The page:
An accumulated 1,903,767 people were administered with their first shots as of Wednesday as part of the nationwide campaign that kicked off on Feb. 26, accounting for 3.66 percent of the country's 52 million population, the Korea Disease Control and Prevention Agency (KDCA) said.
An accumulated 60,622 people have been fully vaccinated after receiving two doses.
Of the total, 1,141,154 people, mostly health care workers and patients at long-term care facilities, received the first jabs of the two-dose vaccine regimen developed by British-Swedish pharmaceutical giant AstraZeneca and Oxford University, the KDCA said.
Meanwhile, 762,613 people received the first shot of US pharmaceutical giant Pfizer Inc.'s two-dose vaccine regimen, the KDCA said. The group mostly includes doctors, nurses and other health professionals treating COVID-19 patients, and elders aged 75 and older.
The KDCA noted that an average of 130,000 people have been inoculated every day recently, up highly from an average of 18,000 people during the first week of the vaccination campaign.
The authorities aim to complete inoculating 3 million people by the end of this month and 12 million people by end-June, with a goal of achieving herd immunity by November.
The accelerating inoculations come amid woes over a potential delay in vaccine supplies, which could take the nationwide inoculation scheme off schedule.
The KDCA earlier announced that it has secured enough coronavirus vaccines to inoculate 79 million people, yet the arrival schedule has only been finalized for AstraZeneca and Pfizer vaccines.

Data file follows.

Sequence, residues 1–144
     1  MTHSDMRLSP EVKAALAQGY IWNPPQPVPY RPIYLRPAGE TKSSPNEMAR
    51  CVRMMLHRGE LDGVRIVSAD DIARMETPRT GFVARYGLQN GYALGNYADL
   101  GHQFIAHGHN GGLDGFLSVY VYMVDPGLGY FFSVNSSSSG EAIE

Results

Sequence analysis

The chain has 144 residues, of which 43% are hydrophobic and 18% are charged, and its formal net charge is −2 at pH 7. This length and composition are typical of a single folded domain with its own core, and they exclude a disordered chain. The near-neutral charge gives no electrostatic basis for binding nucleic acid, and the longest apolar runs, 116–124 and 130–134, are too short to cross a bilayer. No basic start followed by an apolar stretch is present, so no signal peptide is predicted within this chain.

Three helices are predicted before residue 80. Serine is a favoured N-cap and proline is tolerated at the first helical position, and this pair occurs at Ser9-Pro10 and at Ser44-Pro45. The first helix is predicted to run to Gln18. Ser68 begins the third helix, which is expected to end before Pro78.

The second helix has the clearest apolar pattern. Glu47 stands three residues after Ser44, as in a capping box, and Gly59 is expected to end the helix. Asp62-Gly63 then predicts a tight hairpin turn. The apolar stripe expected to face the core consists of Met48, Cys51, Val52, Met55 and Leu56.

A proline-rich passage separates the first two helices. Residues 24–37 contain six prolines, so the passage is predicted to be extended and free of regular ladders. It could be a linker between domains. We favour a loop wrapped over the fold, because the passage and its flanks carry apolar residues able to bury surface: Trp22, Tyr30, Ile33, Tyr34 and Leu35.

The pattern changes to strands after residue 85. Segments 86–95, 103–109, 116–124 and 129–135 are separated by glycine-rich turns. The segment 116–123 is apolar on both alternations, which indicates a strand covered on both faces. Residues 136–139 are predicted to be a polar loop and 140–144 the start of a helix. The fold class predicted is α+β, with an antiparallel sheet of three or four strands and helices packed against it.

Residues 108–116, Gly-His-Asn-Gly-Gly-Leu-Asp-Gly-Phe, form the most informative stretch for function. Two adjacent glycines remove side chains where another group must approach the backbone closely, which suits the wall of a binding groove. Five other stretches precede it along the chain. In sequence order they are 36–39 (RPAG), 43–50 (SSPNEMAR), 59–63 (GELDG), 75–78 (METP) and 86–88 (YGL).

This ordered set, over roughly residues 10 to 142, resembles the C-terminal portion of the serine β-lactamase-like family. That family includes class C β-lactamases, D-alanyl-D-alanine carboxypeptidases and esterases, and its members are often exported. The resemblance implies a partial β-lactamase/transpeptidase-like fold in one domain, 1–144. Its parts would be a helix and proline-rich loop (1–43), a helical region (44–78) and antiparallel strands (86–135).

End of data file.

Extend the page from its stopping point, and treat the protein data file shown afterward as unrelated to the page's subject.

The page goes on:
Adding to woes, safety controversies over the AstraZeneca vaccine have complicated the inoculation campaign as the products make up about 60 percent of the country's rollout for the first half of the year.
The country was again taken aback by the United States' decision to pause the use of Johnson & Johnson's Janssen products over blood clotting.
The authorities have planned to receive 6 million doses of the Johnson & Johnson vaccine. The bottles are scheduled to be provided in the third quarter, yet the shipment schedule is not finalized.
To stave off a potential supply shortage, the Seoul government said earlier it is seeking a "vaccine swap" agreement with the United States, but such a deal may not happen at least for the time being after a US State Department spokesman said his country is currently focused on vaccinating Americans.
On Wednesday, President Moon Jae-in also ordered his aides to review the possibility of introducing Russia's Sputnik V COVID-19 vaccine.
On Thursday, the country reported 735 more COVID-19 cases, the highest since Jan. 7 when the country reported 869 cases, the KDCA said. The total caseload was increased to 116,661. (Yonhap)
Published : April 22, 2021
By : The Korea Herald